Not only do hot summer days make people uncomfortable outdoors, it can also impact livestock. K-State Research and Extension beef veterinarian A.J. Tarpoff said temperature, humidity, wind speed, and solar radiation all affect cattle.
Tarpoff advised that not only do producers need to watch daytime temperatures, but nighttime temperatures are just as important in preventing heat stress. “They really need about six hours of nighttime cooling to dissipate the heat load they accumulated during the day,” Tarpoff said.
To minimize the amount of heat stress on the cattle, Tarpoff advises producers to finish all processing or handling work with cattle before 10 a.m. on hot days, and potentially to push feeding times to later in the evening.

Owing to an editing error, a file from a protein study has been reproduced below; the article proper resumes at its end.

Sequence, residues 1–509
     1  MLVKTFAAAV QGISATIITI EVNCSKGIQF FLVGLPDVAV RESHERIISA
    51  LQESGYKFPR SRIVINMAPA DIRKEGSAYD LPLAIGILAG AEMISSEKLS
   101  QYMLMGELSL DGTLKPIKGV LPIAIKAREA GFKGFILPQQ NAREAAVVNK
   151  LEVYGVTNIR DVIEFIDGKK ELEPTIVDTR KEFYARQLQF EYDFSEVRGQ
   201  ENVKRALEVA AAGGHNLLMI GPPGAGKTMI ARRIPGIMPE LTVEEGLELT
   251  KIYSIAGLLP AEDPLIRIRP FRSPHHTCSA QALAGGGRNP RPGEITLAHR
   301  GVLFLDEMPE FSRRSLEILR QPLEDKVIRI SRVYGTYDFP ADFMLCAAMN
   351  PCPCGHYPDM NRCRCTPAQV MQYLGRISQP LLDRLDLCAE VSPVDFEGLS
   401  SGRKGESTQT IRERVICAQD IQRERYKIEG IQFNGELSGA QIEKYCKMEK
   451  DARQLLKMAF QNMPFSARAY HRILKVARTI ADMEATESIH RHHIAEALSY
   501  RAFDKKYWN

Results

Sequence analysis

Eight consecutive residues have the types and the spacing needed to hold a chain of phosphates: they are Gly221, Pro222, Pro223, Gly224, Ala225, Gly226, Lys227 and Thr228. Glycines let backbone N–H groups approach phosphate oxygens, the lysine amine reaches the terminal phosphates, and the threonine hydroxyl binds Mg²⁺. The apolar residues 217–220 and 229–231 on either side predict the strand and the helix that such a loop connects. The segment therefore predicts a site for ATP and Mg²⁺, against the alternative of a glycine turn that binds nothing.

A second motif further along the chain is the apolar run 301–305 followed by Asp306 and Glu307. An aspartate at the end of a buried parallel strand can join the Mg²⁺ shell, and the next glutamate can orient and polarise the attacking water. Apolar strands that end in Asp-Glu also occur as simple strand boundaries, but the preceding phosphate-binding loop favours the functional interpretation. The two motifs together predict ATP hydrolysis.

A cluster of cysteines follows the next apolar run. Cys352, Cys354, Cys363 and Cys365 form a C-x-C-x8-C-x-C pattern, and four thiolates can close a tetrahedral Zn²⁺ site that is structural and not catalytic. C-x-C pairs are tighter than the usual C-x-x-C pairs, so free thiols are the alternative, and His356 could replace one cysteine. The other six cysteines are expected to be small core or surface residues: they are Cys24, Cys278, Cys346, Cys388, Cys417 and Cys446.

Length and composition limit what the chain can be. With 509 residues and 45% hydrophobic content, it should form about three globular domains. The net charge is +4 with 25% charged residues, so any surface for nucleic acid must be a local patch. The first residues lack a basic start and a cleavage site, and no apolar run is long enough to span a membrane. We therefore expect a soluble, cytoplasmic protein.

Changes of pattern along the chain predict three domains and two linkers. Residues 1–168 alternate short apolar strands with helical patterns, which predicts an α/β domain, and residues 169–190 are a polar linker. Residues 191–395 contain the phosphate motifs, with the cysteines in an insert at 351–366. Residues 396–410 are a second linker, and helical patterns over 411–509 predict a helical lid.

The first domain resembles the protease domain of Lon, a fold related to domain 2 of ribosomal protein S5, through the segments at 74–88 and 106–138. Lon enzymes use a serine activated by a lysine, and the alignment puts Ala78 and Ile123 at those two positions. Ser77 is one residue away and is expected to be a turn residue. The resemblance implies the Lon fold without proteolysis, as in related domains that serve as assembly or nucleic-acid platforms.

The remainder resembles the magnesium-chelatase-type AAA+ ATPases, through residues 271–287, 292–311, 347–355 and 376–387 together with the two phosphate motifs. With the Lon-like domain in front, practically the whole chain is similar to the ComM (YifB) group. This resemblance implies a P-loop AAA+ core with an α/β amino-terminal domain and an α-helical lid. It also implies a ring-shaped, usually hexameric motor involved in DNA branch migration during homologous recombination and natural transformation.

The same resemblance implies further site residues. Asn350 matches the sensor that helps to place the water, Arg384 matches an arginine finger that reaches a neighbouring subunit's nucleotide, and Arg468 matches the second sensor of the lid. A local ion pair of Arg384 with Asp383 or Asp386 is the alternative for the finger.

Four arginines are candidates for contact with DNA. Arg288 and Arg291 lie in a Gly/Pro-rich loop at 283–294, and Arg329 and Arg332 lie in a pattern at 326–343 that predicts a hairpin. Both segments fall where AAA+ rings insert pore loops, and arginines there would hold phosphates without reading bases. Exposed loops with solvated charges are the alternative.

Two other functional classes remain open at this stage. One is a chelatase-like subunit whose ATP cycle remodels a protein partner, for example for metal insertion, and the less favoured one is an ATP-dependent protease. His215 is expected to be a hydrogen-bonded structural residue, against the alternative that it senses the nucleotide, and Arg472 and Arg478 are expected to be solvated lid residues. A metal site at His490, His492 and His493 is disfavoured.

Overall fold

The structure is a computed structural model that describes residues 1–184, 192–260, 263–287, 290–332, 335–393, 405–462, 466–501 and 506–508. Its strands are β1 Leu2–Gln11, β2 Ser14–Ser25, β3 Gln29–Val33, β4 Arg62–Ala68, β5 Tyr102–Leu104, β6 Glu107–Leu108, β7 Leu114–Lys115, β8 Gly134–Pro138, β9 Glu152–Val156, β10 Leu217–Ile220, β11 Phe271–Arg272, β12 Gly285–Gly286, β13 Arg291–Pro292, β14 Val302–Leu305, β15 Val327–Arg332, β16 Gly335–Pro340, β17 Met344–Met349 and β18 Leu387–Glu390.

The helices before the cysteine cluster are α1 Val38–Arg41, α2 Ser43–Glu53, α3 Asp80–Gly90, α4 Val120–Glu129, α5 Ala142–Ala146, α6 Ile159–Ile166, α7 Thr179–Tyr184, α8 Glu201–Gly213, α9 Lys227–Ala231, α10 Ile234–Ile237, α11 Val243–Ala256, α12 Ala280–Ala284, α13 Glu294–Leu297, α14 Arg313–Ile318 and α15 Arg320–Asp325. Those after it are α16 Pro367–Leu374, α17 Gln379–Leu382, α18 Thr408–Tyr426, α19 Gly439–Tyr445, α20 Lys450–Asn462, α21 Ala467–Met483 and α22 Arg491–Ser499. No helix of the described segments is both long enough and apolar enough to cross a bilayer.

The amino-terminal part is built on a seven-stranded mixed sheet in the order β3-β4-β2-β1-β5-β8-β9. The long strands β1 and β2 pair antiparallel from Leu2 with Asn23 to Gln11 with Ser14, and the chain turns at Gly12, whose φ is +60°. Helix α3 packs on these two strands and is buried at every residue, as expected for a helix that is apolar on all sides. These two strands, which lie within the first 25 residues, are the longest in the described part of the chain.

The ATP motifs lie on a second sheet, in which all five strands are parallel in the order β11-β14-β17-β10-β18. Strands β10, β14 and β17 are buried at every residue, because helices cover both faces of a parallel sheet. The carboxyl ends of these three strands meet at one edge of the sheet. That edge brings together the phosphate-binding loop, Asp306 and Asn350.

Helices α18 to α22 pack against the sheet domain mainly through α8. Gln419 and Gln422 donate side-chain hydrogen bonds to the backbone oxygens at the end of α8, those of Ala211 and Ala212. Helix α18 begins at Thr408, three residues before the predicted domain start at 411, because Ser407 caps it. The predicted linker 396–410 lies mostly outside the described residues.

“When we feed cattle, they will actually increase their heat load just from digestion for the next 4 to 6 hours,” Tarpoff said.
Two forecasting tools Tarpoff recommends are the U.S. Meat Animal Research Center’s heat stress monitor and for local Kansans, the Kansas Mesonet. He also recommends reducing the stocking load, which increases spacing and allows for better air circulation and easier access to water.
“During the summer months we want to increase wind speed as much as we can just to be able to dissipate some of that heat load,” he said.
Another strategy that Tarpoff recommends is providing cattle bedding and shade so that animals have a cool place to lay. “Cattle have an immense shade seeking behavior,” he said.
Tarpoff said water misters should only be used in the morning and evening for evaporative cooling of the pen surface.
“We don’t wet the cattle to cool them during the heat of the day,” he said. “That can be disastrous because we can actually increase the humidity at the pen level at that time of day.”
To learn more about heat stress from Tarpoff, listen to the recent edition of the weekday radio program, Agriculture Today.